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Biology & Philosophy

, Volume 28, Issue 2, pp 153–159 | Cite as

Philosophy and the microbe: a balancing act

  • Maureen A. O’Malley
Article

The cover of Biology and Philosophy features a trilobite, a fruit fly and an orchid; in other words, two animals and a plant. Until fairly recently, much of the content of the journal reflected this cover. As deep and interesting—in fact, as field-defining—as the many papers in Biology and Philosophy have been since the journal’s inception, they were predominantly about the biology of animals with the occasional plant thrown in for good measure. Other journals that published philosophy of biology stayed within those same organismal boundaries, as did books that were about the field as a whole. Eukaryotes other than plants and animals, such as fungi and protists, did occasionally gain a mention (e.g., David Hull discussed slime moulds in his classic 1976 paper on species as individuals), as did prokaryotes (e.g., Sterelny and Griffiths mentioned Bacteria and Archaea several times in 1999). But overall, these examples can be noted primarily for being exceptions and for the remarkably...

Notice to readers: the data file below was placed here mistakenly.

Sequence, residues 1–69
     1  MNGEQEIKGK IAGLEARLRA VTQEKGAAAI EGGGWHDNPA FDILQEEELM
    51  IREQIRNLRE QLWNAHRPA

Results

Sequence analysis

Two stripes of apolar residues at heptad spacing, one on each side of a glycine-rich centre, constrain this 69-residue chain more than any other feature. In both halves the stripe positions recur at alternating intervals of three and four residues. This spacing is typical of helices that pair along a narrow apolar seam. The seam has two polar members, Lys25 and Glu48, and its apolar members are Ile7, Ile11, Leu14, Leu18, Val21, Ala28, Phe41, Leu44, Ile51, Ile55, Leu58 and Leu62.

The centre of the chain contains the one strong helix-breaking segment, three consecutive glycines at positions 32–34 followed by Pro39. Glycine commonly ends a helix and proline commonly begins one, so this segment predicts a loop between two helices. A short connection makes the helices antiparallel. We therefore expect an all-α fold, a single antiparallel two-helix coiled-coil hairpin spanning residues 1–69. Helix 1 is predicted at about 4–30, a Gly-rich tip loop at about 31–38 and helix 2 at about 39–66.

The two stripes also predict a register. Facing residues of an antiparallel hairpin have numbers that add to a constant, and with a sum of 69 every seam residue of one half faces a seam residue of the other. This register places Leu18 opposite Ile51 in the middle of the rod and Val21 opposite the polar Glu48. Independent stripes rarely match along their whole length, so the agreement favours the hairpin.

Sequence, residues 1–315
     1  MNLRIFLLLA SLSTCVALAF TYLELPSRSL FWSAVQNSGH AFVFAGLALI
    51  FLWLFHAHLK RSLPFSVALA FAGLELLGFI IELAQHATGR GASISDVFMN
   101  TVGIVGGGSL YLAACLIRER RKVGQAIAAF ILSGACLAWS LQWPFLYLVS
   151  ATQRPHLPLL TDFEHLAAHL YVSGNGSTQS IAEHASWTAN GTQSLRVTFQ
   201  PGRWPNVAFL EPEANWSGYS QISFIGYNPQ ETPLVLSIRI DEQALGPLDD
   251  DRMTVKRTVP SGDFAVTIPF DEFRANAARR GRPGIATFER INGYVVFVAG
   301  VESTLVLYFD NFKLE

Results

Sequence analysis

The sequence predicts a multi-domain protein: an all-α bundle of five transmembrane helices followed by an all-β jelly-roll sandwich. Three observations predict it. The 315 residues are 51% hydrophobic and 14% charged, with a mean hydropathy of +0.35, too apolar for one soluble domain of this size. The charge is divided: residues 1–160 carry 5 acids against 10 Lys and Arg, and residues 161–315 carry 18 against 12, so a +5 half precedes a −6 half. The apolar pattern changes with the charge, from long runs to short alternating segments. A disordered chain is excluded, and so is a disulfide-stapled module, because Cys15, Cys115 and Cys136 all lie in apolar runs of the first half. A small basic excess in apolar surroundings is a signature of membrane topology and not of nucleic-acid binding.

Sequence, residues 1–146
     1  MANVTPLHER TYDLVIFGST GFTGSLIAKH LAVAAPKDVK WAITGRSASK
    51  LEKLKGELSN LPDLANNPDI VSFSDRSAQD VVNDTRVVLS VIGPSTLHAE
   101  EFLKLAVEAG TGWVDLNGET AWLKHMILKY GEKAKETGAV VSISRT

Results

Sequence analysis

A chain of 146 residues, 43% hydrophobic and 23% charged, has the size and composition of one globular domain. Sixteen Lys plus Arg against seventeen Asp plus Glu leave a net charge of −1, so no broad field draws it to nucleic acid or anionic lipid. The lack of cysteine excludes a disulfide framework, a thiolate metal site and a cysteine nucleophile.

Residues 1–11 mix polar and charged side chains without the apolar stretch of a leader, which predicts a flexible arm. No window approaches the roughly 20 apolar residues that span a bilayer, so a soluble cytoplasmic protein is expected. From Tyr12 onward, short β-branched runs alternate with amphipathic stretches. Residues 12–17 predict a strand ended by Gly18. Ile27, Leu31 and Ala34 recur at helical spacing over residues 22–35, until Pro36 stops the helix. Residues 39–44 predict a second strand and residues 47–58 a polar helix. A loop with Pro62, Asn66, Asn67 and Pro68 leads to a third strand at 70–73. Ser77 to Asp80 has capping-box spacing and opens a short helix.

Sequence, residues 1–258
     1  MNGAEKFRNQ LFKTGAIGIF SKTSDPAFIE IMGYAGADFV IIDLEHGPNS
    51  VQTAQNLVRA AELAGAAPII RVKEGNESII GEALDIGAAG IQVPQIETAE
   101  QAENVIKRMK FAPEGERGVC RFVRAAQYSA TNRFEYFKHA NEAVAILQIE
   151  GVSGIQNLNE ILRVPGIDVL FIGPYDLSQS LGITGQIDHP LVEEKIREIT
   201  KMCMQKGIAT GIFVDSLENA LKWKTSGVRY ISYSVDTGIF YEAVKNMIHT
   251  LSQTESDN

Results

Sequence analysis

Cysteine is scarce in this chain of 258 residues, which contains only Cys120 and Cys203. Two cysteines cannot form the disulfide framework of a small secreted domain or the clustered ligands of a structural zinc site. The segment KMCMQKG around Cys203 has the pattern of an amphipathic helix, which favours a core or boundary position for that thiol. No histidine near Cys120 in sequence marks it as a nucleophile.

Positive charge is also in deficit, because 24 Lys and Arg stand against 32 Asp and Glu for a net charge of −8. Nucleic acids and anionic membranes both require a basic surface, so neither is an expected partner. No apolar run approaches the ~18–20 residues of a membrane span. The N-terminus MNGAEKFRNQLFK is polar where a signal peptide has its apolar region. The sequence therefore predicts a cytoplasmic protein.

Keywords

Evolutionary Transition Scientific Practice Biological Entity Explanatory Strategy Multicellular Eukaryote 
These keywords were added by machine and not by the authors. This process is experimental and the keywords may be updated as the learning algorithm improves.

Notes

Acknowledgments

I can’t thank enough Editor-in-Chief of Biology and Philosophy, Kim Sterelny, for suggesting this special issue, and the numerous referees (scientists and philosophers, working in tandem for every paper) who gave detailed and constructive reports on all these papers often within very tight time-lines. The production team and editorial office at Springer has been super-helpful and efficient—special thanks to Malgosia Slowinska and Bhavani Sridhar. Finally, I owe a debt of gratitude to all the authors who made such wonderful contributions despite so many other claims on their time, and who even managed to give considerable feedback on this introduction.

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Copyright information

© Springer Science+Business Media Dordrecht 2013

Authors and Affiliations

  1. 1.Department of PhilosophyUniversity of SydneySydneyAustralia

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